There’s a term for the challenges that mothers face in the workplace. Joan Williams, director of the Center for WorkLife Law at the University of California Hastings College of the Law, calls it the “maternal wall.” Research in the American Sociological Review has found that given identical résumés, a mother is 79% less likely to be hired and 100% less likely to be promoted. Another study found that working moms who are very good at what they do are looked down upon. The reason female go-getters with children are disliked? They’re not perceived to be “good mothers.” Last year, angel investor Paige Craig went so far as to identify the elephant in the room when he shared his uneasiness about funding a company run by a pregnant woman. In a post for Business Insider that attracted more than 22,000 comments, he summed up his feelings:

“A pregnant founder / CEO is going to fail her company”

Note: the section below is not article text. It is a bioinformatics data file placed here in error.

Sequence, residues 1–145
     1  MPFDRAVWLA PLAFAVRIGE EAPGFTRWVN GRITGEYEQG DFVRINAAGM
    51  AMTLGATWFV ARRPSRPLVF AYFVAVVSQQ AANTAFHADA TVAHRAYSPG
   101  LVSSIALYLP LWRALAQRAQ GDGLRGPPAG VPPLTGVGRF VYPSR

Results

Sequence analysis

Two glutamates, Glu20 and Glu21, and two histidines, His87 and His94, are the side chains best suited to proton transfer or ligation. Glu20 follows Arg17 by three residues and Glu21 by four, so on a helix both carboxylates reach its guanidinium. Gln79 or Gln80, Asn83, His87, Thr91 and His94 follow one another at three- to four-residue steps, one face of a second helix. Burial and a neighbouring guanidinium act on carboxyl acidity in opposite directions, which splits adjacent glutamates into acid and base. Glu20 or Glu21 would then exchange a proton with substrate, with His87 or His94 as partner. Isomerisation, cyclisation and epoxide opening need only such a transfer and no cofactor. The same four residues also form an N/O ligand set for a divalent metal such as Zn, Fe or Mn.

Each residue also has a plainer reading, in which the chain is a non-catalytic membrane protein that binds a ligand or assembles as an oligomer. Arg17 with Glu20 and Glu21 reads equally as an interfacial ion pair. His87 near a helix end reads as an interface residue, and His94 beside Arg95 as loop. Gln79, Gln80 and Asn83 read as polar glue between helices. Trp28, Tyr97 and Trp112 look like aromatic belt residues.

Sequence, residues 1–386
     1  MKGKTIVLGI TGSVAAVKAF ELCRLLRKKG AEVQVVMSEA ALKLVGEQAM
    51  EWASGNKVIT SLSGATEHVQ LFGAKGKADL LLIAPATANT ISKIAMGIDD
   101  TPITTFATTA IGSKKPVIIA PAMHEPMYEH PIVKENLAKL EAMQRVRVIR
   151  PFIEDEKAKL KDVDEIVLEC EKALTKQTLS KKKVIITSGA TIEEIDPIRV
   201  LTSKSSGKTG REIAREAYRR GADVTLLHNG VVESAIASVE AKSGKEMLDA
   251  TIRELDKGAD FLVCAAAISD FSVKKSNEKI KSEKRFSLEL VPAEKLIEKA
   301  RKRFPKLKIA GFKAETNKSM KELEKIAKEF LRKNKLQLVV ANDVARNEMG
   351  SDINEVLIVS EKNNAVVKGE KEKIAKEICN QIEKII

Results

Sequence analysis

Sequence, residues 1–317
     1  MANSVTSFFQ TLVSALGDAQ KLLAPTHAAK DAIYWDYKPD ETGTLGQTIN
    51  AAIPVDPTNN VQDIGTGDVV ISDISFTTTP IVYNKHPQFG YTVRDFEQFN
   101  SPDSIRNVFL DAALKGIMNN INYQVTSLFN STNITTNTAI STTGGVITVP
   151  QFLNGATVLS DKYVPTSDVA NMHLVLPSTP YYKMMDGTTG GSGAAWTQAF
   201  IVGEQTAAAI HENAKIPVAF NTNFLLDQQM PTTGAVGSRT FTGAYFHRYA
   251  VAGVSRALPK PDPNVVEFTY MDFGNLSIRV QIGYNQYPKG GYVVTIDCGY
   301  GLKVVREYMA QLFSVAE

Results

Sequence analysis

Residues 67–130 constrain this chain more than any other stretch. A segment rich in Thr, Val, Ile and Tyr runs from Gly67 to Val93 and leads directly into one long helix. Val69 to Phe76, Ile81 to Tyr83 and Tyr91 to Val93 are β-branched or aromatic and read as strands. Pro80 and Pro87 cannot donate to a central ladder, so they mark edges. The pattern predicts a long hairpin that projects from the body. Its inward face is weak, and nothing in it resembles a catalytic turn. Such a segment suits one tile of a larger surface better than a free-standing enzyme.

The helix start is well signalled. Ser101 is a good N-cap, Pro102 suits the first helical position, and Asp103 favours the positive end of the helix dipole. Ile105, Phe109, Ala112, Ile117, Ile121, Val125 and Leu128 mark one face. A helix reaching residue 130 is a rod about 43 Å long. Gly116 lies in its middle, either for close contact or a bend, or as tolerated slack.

The Situation: I was contemplating an investment in this awesome crowd-sourced funding company in LA called Profounder. I love the vision: helping local brick & mortar businesses get funding from their community. The founding team, Jessica Jackley & Dana Mauriello, are incredible ladies with exactly the spirit and attitude I’m looking for in founders. We’ve talked extensively, had lunch together and I saw first hand the amazing talent & drive these two bring to the table. And then, a week later I find out Jessica is pregnant … and this dirty little thought pops in my head. I’m thinking how in the hell is this founder going to lead a team, build a company and change the world for these businesses carrying a kid around for the next few months and then caring for the kids after. I can’t say I personally know anything about it but birthing & raising kids seems like the toughest job around. And now I have a founder who has to be a CEO and a mother.